Merkel, who grew up in Soviet-controlled East Germany, has been a longtime support of the U.S. and backer of strong ties with the U.S., so her comments that Germany's ability to rely on the U.S. and Britain is "over to a certain extent" were seen as a blow to the post-World War II order. David Frump explained on Sunday that splitting apart Germany and the U.S. has been a key, long-term goal of the Soviet Union and then Russia under President Vladimir Putin, and argued that Trump just achieved what Russia has been unable to. "Putin could not have achieved out of this trip more exactly what he wanted if he'd been paying for it," he said. Watch below, or read his longer argument at The Atlantic. Peter Weber

7:57 a.m. ET

On Sunday, Takuma Sato won the 101st Indianapolis 500, beating three-time winner Helio Castroneves by three car lengths in a wild, crash-filled race, with Ed Jones coming in third. Sato, the first Japanese driver to win the Indy 500, is a 40-year-old former Formula One driver who had won just one of his 123 IndyCar races. "Hopefully, the crowd enjoyed it," Sato said "It's beautiful. I dreamed of something like this since I was 12." A number of one-time race leaders were sidelined by seized-up engines and spectacular crashes, the most memorable being Scott Dixon's car being thrown through the air after being by by Jay Howard's car. There was a lot of destruction but no serious injuries in the race. You can watch the Howard-Dixon crash, with ESPN commentary, below. Peter Weber

May 28, 2017

Defense Secretary James Mattis warned of grave consequences for failure to resolve the United States' differences with North Korea via diplomacy while speaking on CBS Sunday.

"A conflict with North Korea would probably be the worst kind of fighting in most people's lifetimes," Mattis said in a Face the Nation interview. "This regime is a threat to the region, to Japan, to South Korea. And in the event of war, they would bring danger to China and to Russia as well," he added. "But the bottom line is it would be a catastrophic war if this turns into a combat if we're not able to resolve this situation through diplomatic means." Pyonyang claimed to test an anti-aircraft missile Sunday morning, its third weapons test in as many weeks.

In the same conversation, Mattis described pursuing a more aggressive approach to the fight against the Islamic State. "The bottom line is we are going to move in an accelerated and reinforced manner, throw them on their back foot. We have already shifted from attrition tactics where we shove them from one position to another in Iraq and Syria, to annihilation tactics where we surround them," he said. Watch an excerpt of his comments below. Bonnie Kristian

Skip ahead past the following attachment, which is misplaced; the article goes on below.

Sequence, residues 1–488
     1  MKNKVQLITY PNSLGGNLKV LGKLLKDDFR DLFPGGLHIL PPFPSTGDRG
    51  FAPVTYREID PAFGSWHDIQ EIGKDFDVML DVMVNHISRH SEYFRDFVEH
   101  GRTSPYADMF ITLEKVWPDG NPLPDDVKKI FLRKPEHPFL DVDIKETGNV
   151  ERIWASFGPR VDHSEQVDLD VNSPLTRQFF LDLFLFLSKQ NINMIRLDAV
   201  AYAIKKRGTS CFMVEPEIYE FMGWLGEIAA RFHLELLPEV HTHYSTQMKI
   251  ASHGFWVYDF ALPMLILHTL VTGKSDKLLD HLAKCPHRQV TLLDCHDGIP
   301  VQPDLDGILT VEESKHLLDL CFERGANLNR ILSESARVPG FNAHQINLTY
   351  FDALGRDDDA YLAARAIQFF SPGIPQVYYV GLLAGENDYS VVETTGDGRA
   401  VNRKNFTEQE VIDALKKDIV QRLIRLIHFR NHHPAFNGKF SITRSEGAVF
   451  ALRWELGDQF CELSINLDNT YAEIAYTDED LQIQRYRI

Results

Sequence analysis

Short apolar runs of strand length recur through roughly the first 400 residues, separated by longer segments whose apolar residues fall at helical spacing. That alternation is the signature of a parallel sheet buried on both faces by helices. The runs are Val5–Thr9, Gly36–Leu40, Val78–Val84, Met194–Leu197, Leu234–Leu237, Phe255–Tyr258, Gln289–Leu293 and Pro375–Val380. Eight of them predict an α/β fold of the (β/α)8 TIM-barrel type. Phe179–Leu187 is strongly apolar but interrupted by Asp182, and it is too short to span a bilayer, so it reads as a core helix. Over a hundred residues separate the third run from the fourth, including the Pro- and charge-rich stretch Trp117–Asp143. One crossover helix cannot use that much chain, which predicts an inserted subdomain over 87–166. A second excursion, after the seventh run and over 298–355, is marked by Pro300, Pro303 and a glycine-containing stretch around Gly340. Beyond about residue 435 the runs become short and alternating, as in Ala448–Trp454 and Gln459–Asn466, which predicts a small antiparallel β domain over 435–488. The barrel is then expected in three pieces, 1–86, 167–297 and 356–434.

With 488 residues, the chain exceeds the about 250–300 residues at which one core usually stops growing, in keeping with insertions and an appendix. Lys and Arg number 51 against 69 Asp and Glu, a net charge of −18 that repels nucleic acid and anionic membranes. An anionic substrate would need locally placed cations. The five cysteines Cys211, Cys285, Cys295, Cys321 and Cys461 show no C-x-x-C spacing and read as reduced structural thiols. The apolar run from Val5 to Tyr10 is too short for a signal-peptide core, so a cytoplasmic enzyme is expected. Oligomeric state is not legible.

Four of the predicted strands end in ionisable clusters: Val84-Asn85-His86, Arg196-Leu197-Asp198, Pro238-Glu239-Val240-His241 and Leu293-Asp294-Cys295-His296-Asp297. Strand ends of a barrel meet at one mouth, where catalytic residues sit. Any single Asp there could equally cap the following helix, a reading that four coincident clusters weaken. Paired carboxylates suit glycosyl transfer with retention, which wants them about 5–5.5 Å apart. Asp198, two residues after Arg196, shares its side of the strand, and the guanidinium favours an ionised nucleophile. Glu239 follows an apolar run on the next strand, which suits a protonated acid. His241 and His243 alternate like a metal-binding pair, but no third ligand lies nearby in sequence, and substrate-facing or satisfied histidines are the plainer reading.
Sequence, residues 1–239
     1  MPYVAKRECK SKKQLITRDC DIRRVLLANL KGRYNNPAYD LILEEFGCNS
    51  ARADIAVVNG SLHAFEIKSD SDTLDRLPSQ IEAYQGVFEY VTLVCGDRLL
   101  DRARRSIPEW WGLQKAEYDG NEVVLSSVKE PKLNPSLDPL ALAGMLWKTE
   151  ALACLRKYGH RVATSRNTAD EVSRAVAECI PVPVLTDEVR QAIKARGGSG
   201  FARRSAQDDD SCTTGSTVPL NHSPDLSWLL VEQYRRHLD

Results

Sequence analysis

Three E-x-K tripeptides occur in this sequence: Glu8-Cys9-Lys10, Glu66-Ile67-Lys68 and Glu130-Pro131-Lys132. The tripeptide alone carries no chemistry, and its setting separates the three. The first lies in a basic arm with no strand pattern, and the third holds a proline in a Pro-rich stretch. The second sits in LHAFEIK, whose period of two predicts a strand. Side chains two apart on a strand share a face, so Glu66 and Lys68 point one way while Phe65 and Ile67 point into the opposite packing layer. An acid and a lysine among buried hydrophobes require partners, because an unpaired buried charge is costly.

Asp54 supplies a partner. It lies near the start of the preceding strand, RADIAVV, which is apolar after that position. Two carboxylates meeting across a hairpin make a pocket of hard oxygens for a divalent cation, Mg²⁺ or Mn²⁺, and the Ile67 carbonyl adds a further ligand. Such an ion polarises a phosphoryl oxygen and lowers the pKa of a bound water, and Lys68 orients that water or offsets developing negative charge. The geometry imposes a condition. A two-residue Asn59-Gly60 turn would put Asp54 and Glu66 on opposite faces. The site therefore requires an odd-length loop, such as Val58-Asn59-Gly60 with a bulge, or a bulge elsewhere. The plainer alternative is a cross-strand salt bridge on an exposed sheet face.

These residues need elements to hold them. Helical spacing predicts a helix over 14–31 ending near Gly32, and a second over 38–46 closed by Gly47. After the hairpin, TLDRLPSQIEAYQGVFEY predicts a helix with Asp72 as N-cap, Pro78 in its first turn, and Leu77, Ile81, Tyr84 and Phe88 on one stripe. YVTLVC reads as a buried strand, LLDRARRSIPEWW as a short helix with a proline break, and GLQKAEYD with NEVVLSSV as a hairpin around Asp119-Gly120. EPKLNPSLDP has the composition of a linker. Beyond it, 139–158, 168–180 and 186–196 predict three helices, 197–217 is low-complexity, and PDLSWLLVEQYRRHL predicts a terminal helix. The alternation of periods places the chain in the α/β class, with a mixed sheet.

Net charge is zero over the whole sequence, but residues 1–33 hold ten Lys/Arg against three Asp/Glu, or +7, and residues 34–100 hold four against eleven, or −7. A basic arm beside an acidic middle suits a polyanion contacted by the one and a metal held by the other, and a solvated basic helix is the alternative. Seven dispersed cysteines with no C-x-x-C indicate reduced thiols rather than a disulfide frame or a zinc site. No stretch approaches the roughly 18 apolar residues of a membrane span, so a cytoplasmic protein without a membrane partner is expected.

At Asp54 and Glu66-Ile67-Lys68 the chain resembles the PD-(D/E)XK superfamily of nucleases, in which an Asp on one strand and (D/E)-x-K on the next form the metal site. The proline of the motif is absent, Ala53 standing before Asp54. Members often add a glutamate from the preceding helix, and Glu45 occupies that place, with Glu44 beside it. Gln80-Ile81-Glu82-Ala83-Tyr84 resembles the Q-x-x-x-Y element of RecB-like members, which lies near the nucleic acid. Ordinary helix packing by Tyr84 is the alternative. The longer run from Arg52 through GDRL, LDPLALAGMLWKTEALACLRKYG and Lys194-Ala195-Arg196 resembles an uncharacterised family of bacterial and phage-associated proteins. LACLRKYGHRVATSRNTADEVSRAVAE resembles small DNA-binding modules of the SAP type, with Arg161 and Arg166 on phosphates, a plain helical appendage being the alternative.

May 28, 2017
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A man named Willie Cory Godbolt confessed Sunday to fatally shooting eight people in three homes in the towns of Brookhaven and Bogue Chitto, Mississippi. Among the dead was a sheriff’s deputy called to investigate after a neighbor reported a disturbance. The identities of the victims have not been released.

"I ain't fit to live, not after what I done," Godbolt confessed to a local paper after he was arrested. "Not in y'all eyes, not in nobody else's eyes." Godbolt said he did not intend to hurt the deputy — "My pain wasn't designed for him. He was just there" — but planned to provoke police into killing him: "Suicide by cop was my intention."

A 16-year-old boy Godbolt took hostage escaped unharmed, and law enforcement are expected to bring charges soon. Godbolt is believed to have been disputing custody of his children when he attacked. Bonnie Kristian

May 28, 2017
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"The times in which we could completely depend on others are on the way out," German Chancellor Angela Merkel said Sunday in Munich in comments understood to reference Europe's reliance on the United States. "I've experienced that in the last few days," she continued. "We Europeans truly have to take our fate into our own hands" and "fight for our own destiny."

When President Trump met with fellow NATO leaders in Brussels on Thursday, he reiterated his critique that allies are too dependent on the United States, calling their failure to make meet a pledged 2 percent of GDP defense spending target unfair to the U.S.

Meanwhile, Defense Secretary James Mattis on Sunday maintained Trump is supportive of the alliance. "I think when President Trump chooses to go to NATO personally and stand there alongside the other more than two dozen nations in NATO, that was his statement, not words, actions," he said in a CBS interview. Bonnie Kristian